TY - JOUR

T1 - Approximate modularity revisited

AU - Feige, Uriel

AU - Feldman, Michal

AU - Talgam-Cohen, Inbal

N1 - Publisher Copyright:
© 2020 Society for Industrial and Applied Mathematics.

PY - 2020

Y1 - 2020

N2 - Set functions with convenient properties (such as submodularity) appear in application areas of current interest, such as algorithmic game theory, and allow for improved optimization algorithms. It is natural to ask (e.g., in the context of data driven optimization) how robust such properties are, and whether small deviations from them can be tolerated. We consider two such questions in the important special case of linear set functions. One question that we address is whether any set function that approximately satisfies the modularity equation (linear functions satisfy the modularity equation exactly) is close to a linear function. The answer to this is positive (in a precise formal sense) as shown by Kalton and Roberts [Trans. Amer. Math. Soc., 278 (1983), pp. 803-816] (and further improved by Bondarenko, Prymak, and Radchenko [J. Math. Anal. Appl., 402 (2013), pp. 234-241]). We revisit their proof idea that is based on expander graphs and provide significantly stronger upper bounds by combining it with new techniques. Furthermore, we provide improved lower bounds for this problem. Another question that we address is that of how to learn a linear function h that is close to an approximately linear function f, while querying the value of f on only a small number of sets. We present a deterministic algorithm that makes only linearly many (in the number of items) nonadaptive queries, and thus improve upon a previous algorithm of Chierichetti, Das, Dasgupta, and Kumar [Proceedings of the 56th Symposium on Foundations of Computer Science, 2015, pp. 1143-1162] that is randomized and makes more than a quadratic number of queries. Our learning algorithm is based on the Hadamard transform.

AB - Set functions with convenient properties (such as submodularity) appear in application areas of current interest, such as algorithmic game theory, and allow for improved optimization algorithms. It is natural to ask (e.g., in the context of data driven optimization) how robust such properties are, and whether small deviations from them can be tolerated. We consider two such questions in the important special case of linear set functions. One question that we address is whether any set function that approximately satisfies the modularity equation (linear functions satisfy the modularity equation exactly) is close to a linear function. The answer to this is positive (in a precise formal sense) as shown by Kalton and Roberts [Trans. Amer. Math. Soc., 278 (1983), pp. 803-816] (and further improved by Bondarenko, Prymak, and Radchenko [J. Math. Anal. Appl., 402 (2013), pp. 234-241]). We revisit their proof idea that is based on expander graphs and provide significantly stronger upper bounds by combining it with new techniques. Furthermore, we provide improved lower bounds for this problem. Another question that we address is that of how to learn a linear function h that is close to an approximately linear function f, while querying the value of f on only a small number of sets. We present a deterministic algorithm that makes only linearly many (in the number of items) nonadaptive queries, and thus improve upon a previous algorithm of Chierichetti, Das, Dasgupta, and Kumar [Proceedings of the 56th Symposium on Foundations of Computer Science, 2015, pp. 1143-1162] that is randomized and makes more than a quadratic number of queries. Our learning algorithm is based on the Hadamard transform.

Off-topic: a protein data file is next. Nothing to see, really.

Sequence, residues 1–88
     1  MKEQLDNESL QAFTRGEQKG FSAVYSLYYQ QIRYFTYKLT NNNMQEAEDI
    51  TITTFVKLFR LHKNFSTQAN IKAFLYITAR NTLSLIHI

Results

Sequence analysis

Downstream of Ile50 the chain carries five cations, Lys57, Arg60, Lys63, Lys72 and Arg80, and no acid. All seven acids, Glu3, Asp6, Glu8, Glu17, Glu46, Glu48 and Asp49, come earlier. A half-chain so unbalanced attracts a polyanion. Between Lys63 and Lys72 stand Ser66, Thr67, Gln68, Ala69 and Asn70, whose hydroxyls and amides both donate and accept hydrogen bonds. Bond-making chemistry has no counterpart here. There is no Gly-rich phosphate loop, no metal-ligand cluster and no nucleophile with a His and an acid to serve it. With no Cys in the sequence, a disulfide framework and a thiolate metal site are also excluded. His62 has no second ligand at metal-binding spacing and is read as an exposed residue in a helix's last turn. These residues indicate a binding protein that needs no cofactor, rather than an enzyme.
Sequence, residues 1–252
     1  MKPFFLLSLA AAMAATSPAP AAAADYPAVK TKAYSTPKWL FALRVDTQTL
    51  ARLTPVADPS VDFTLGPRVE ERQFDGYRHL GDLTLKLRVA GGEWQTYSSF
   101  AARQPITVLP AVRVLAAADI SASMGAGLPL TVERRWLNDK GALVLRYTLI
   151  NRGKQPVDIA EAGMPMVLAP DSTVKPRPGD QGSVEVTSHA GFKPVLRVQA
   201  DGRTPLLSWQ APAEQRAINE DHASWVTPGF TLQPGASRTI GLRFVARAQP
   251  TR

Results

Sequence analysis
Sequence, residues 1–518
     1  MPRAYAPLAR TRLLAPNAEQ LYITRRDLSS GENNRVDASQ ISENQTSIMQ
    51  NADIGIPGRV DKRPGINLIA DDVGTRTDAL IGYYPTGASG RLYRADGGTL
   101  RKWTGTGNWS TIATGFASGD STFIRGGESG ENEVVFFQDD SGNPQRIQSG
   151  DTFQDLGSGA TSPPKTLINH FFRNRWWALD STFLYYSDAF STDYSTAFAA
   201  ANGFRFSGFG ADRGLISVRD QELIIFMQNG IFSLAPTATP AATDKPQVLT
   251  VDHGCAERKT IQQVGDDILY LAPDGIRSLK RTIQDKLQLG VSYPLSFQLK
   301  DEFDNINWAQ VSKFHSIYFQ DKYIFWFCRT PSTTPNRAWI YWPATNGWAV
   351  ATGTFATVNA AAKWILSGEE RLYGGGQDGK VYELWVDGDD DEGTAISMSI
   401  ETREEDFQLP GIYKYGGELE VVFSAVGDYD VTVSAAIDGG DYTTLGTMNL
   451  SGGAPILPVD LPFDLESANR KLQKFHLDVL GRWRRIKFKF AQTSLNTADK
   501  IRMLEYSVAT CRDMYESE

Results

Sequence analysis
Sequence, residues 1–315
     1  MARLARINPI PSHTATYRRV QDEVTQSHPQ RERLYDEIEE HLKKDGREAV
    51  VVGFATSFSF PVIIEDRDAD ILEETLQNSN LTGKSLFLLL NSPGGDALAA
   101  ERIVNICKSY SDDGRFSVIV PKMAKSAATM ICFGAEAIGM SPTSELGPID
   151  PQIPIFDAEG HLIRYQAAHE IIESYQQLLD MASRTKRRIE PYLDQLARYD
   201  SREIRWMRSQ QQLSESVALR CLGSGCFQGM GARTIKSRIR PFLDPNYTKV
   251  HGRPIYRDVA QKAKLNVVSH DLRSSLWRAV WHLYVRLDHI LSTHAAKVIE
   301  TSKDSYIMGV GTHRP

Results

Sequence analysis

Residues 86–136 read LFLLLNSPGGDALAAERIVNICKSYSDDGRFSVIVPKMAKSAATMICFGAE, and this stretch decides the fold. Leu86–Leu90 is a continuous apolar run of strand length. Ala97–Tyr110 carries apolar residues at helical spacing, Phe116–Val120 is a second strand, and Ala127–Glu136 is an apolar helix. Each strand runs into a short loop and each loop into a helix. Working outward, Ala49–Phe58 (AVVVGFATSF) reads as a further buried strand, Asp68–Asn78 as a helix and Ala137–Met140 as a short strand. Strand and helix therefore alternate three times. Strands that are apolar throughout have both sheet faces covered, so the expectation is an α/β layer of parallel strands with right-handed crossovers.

KW - Learning

KW - Linear functions

KW - Set functions

UR - http://www.scopus.com/inward/record.url?scp=85079738797&partnerID=8YFLogxK

U2 - 10.1137/18M1173873

DO - 10.1137/18M1173873

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AN - SCOPUS:85079738797

VL - 49

SP - 67

EP - 97

JO - SIAM Journal on Computing

JF - SIAM Journal on Computing

SN - 0097-5397

IS - 1

ER -